Healthcare as a right, not a responsibility or a privilege, was first mentioned by then-Senator Barack Obama on the campaign trail a decade ago in a Presidential debate with Sen. John McCain in Nashville. Months before, I penned in a publication, Clinical Endocrinology News (July 2008),

…Should all Americans be entitled to healthcare? It is a simple question but one that has produced considerable debate, because we as a nation have never considered healthcare as a right. Should it be? If it should become a fundamental right, should Americans -- such as children -- have health insurance guaranteed to them? ...All Americans…should be provided healthcare as a matter of a new social policy. All Americans should be provided healthcare for many of the same reasons that led to Medicare’s passage in 1965: The crisis is widespread and pervasive today as it was in the years preceding Medicare’s enactment, and some type of relief is warranted on a national level, but for all U.S. citizens -- not just for seniors.

 

In a follow-up piece about healthcare offered in other nations, I wrote, “But whatever the system, each country’s premise is the same: Everybody has a right to healthcare.” Ted Kennedy espoused this same notion later that year at the 2008 Democratic National Convention.

On March 23, 2010, President Obama signed the Affordable Care Act into law. He stated, “We have now just enshrined, as soon as I sign this bill, the core principle that everybody should have some basic security when it comes to their healthcare.” House Majority Leader, Nancy Pelosi (D-Ca.) was also quoted as saying, “And now we can add affordable care to that short list of fundamental rights for all Americans. Rights, not privileges.” This message has been echoed by numerous individuals running for political office, like Sen. Sanders as part of his presidential campaign, and today by the likes of Democratic candidate for Illinois’ Attorney General, Kwame Raoul.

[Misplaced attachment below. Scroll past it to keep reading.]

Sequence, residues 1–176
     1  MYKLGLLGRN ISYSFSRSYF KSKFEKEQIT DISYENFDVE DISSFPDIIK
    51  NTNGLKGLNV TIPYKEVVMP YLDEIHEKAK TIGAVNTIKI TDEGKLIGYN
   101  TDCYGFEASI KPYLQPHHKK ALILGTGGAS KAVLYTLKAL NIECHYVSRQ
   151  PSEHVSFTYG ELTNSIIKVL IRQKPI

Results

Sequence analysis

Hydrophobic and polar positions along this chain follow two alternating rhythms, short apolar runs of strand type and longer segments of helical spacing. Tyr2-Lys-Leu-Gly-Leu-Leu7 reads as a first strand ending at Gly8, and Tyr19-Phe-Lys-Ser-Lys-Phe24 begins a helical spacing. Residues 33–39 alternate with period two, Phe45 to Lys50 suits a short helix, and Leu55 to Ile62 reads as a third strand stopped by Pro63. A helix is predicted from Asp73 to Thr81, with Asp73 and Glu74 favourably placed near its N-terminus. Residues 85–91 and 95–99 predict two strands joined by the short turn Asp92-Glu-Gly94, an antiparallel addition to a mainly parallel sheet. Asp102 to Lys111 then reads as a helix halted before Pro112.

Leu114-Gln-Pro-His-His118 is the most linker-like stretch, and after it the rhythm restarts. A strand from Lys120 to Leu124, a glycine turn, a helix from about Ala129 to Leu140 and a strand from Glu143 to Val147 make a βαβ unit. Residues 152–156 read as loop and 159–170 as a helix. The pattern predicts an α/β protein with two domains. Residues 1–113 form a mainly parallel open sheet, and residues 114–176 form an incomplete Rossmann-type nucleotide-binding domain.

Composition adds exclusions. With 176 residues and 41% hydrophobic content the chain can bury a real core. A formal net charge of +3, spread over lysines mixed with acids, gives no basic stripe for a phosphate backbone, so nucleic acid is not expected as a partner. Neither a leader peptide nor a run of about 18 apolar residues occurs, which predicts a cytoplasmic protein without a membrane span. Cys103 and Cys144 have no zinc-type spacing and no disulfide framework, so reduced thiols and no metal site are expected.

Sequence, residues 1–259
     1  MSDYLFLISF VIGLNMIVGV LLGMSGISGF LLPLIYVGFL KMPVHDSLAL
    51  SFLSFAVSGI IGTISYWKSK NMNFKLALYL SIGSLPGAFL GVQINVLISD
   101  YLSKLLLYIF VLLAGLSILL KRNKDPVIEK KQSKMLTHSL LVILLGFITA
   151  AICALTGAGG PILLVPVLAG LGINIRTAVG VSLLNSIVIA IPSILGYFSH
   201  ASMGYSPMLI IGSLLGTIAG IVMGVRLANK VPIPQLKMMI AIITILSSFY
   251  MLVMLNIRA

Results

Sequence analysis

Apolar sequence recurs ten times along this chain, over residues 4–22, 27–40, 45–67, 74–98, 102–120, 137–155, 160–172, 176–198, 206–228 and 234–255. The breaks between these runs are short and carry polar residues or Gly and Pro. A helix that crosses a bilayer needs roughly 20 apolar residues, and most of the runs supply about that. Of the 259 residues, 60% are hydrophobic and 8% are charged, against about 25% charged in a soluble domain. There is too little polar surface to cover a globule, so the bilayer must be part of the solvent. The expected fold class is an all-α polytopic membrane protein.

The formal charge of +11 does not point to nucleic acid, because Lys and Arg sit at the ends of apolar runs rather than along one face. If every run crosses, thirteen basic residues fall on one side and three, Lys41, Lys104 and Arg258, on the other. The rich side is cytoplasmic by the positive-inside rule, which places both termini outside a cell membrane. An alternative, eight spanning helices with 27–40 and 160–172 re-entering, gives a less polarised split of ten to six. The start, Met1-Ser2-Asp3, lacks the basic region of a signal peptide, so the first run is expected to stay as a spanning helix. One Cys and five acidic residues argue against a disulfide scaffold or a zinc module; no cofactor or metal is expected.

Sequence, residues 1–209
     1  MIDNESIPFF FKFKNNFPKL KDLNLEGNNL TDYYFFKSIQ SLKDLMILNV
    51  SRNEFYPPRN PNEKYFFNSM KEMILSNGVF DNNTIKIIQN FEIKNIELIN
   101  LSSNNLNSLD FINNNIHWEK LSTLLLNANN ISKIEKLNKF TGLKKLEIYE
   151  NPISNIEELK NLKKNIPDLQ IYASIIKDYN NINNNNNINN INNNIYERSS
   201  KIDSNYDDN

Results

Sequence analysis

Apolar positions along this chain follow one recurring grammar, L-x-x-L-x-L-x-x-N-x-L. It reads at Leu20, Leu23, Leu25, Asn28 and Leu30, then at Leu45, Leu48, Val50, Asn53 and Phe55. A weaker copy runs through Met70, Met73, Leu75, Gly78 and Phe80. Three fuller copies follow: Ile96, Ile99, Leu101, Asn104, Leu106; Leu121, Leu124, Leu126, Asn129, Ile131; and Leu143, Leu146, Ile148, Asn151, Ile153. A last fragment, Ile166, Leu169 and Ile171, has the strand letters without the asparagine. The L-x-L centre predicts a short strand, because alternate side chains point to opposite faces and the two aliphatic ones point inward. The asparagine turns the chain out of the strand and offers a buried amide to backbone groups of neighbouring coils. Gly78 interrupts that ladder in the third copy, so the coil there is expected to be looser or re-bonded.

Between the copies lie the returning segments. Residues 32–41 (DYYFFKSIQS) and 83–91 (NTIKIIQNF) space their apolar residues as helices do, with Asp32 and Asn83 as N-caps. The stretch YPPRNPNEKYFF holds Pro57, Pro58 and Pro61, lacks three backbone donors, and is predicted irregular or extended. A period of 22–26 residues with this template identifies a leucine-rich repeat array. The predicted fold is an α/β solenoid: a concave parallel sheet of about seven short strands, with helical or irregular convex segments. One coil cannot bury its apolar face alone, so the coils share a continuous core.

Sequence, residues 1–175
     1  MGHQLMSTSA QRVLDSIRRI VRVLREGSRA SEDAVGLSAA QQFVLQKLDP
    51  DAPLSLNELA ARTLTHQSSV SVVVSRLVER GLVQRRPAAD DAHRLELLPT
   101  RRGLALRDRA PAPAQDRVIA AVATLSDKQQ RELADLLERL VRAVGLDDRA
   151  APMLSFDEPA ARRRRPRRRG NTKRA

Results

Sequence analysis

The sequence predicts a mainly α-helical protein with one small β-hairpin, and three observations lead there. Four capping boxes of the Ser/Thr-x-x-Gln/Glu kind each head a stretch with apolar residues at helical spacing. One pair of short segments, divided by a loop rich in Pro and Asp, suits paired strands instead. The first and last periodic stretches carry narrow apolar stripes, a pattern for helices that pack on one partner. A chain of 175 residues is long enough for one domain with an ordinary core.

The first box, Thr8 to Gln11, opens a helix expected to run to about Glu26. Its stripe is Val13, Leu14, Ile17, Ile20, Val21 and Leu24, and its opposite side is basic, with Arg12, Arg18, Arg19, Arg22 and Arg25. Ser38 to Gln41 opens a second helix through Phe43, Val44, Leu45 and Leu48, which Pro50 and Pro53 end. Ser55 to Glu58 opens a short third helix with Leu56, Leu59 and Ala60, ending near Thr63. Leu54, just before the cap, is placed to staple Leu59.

To repeat, healthcare is a hot-button issue for the Midterms throughout the country. Though the Declaration of Independence speaks in terms of being endowed with certain unalienable rights -- life, liberty, and the pursuit of happiness -- healthcare being accessible and affordable was certainly not on the minds of the Framers back then, and is thus not a right in any constitutional sense; it is, though, in a human rights or moralistic way, like all industrialized countries view it. Even with the ACA and all that led up to its passage and many subsequent legal and legislative challenges to it, healthcare has been a political football, with profits drawn from it in its creation, access and delivery in its keystone, particularly since paying for healthcare has always been through an insurance model in our country.

With what we see in junk healthcare plans now being pushed by interests not supportive of the ACA, or backing the previously mentioned federal lawsuit to do away with coverage for pre-existing conditions, healthcare as that football is not a new concept. It can be traced back to FDR in 1943 when he crafted his proposed “Second Bill of Rights.” As more fully explained by authors Jean Carmalt and Sarah Park, FDR declared “freedom of want” to be one of four essential liberties for human security. His definition of freedom included, “the right to adequate medical care and the opportunity to enjoy good health.” Carmalt and Park wrote, “The right to healthcare was subsequently enshrined in the Universal Declaration of Human Rights,” a 1948 United Nations document that declared. “…everyone has the right to a standard of living adequate for the health and well-being of oneself and one’s family, including food, clothing, housing, and medical care.”

Even the Supreme Court has previously interpreted the 8th Amendment’s prohibition against cruel and unusual punishment clause to include guaranteeing healthcare to prisoners. Lest we not forget the Emergency Medical Treatment and Labor Act, which says hospitals must treat us until we are stable enough to be transferred someplace else or to be discharged.

It is clear that because this notion we call our healthcare is an essential condition of our existence, without acquiring or maintaining it, none of us can be productive to ourselves or to any societal group to which we consider ourselves a part. Its accessibility and affordability as a right requires our vigilance and protection nationwide. Our best effort to date has been the ACA and its preservation; it certainly cannot be supported or be substituted by health plans that do not provide essential health benefits -- as does the ACA -- or by politicians that back plans or a lawsuit that eliminates pre-existing conditions.

Is it more worthy for the country this time around to vote in at least one Congressional chamber with a blue hue to it after November 6? When it comes to preserving healthcare as a right for all Americans, the answer is certainly yes.